Thursday, April 8, 2010

It Makes You Wonder...

...And, it makes you sad.

Carbondale Police arrested Dominick Williams yesterday.  He's charged with last month's armed robbery of a Turkey Hill on Belmont Street.

Williams is only 15.

You can only shake your head in disbelief when you hear about 15 year olds knocking off mini marts.

Because a deadly weapon was allegedly involved, Williams is charged as an adult.

I preface this by saying young Mr. Williams is innocent until proven guilty.

He is now at a crossroads.  I'm assuming this is his first offense.  He can be punished, learn a lesson, and go on the straight and narrow.

You know where the other path leads.

Wednesday, April 7, 2010

Here We Go Again

I think it was in early 2009...  Some alleged financial experts came out with a long list of companies likely to go into Chapter 11 bankruptcy during the year.  The vast majority of companies on the list stayed solvent, and they're still around today.

Well, there's been another list.  Once again, Blockbuster has made an appearance.  It's not suprrising the company has been closing a ton of stores.  It's apparent people like Red Box machines, Netflix, and "on demand" a lot better.

Borders is on the "likely to fail" list.  I wonder if the writer has ever visited the Viewmont Mall store.  It's busy from opening to closing.  I will concede that the internet and gadgets like Kindle have given readers other options.  I'm a big Amazon.com fan.  The prices are reasonable, and books arrive in your mail box just days after ordering.  Still, there's nothing like wandering through a book store and holding one in your hand.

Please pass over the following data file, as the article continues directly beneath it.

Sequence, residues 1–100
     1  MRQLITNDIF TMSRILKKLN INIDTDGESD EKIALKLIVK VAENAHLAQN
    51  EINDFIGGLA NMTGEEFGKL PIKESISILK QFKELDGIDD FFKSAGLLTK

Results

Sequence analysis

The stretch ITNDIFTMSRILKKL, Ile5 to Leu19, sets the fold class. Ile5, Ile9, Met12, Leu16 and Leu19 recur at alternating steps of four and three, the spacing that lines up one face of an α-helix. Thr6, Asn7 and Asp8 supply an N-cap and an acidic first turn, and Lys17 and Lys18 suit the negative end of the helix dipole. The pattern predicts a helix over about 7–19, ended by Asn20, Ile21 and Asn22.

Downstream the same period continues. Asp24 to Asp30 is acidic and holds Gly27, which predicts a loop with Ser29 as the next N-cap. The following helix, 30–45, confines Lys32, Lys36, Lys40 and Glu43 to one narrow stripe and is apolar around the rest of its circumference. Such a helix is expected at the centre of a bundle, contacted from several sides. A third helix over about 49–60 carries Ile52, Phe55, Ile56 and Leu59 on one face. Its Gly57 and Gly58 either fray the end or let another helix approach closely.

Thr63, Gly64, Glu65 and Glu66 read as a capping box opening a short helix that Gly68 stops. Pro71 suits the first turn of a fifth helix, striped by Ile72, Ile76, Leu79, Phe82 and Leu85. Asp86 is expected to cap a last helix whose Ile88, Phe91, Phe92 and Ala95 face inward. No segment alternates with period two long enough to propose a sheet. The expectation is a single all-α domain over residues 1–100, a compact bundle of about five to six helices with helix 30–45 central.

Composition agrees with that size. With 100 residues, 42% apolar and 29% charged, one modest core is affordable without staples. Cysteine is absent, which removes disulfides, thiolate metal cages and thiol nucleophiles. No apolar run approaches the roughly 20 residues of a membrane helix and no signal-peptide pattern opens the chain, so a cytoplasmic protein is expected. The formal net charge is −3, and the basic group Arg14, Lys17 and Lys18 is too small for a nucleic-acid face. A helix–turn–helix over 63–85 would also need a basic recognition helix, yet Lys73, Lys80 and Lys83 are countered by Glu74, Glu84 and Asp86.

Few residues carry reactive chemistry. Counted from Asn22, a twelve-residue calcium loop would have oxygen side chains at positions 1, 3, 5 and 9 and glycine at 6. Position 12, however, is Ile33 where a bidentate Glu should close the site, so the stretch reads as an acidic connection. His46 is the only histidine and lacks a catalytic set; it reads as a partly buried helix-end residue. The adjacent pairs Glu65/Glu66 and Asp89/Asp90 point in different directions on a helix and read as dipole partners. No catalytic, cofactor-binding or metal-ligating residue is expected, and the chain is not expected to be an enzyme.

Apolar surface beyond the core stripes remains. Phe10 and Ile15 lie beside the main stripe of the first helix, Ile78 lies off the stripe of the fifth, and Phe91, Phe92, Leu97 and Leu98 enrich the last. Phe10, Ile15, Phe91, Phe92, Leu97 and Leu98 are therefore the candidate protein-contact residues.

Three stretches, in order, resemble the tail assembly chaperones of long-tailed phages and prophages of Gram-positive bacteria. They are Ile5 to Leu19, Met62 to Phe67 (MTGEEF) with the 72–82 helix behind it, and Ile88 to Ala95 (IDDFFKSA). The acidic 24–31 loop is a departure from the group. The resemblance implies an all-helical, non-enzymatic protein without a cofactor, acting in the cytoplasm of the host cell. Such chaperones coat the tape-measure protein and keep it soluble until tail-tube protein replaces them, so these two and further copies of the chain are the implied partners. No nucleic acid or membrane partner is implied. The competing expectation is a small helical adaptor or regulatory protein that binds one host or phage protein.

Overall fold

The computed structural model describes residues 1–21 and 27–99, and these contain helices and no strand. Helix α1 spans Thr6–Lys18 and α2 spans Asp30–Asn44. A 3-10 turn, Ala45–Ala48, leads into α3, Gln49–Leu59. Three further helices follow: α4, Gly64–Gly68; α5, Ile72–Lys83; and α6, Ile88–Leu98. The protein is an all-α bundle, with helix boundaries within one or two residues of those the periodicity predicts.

Another entry on the endangered list is Rite Aid.  The reason is that sales are down while the company is swimming in debt from the Eckerd chain purchase.  I'm a frequent visitor to the Dunmore store.  Like Borders, it's busy from opening to closing.  Rite Aid's newer stores are rather nice-- not too big, not too small, everything you need.  WalMart has better prices on most stuff, but as a drug store, I've always been rather happy there.  Still, you can't ignore crushing debt.

I have to wonder if the latest list is just another doomsday scenario.  Like last year, I'm betting most of the entries will live to see another year.

Tuesday, April 6, 2010

Almost

In baseball, they call it warning track power-- a player who can hit it far, but not over the fence, never a home run.

Former Philadelphia Eagles quarterback Donovan McNabb had the football equivalent of warning track power.  He could win you some games.  He was good, but not good enough.  His playoff record was 9-7.

The Eagles, smartly, finally decided McNabb didn't have a Super Bowl championship in him.  He was dealt to the Washington Redskins, for a couple draft picks, Sunday night.

It's a trade that helps both teams.  The Eagles can use the draft picks.  McNabb is better than Jason Campbell, last year's starter for Washington.

The NFC East is always an interesting division, and it will be even more so this year.

Monday, April 5, 2010

Bad Photography Monday

Thursday was too nice a day to hang around the house, so I pointed the car north to Susquehanna County.  This is the old church in New Milford's Midtown Park.

New Milford is one of my favorite photographic destinations, and there are still big parts yet to be explored.

I hoped to see some trains, especially north of town.  Unfortunately, it was a quiet afternoon on the rails.

Sunday, April 4, 2010

Happy Easter

I was playing with my camera in New Milford the other afternoon, and I thought this would make a great picture for Easter Sunday.

Saturday, April 3, 2010

Returning to the Q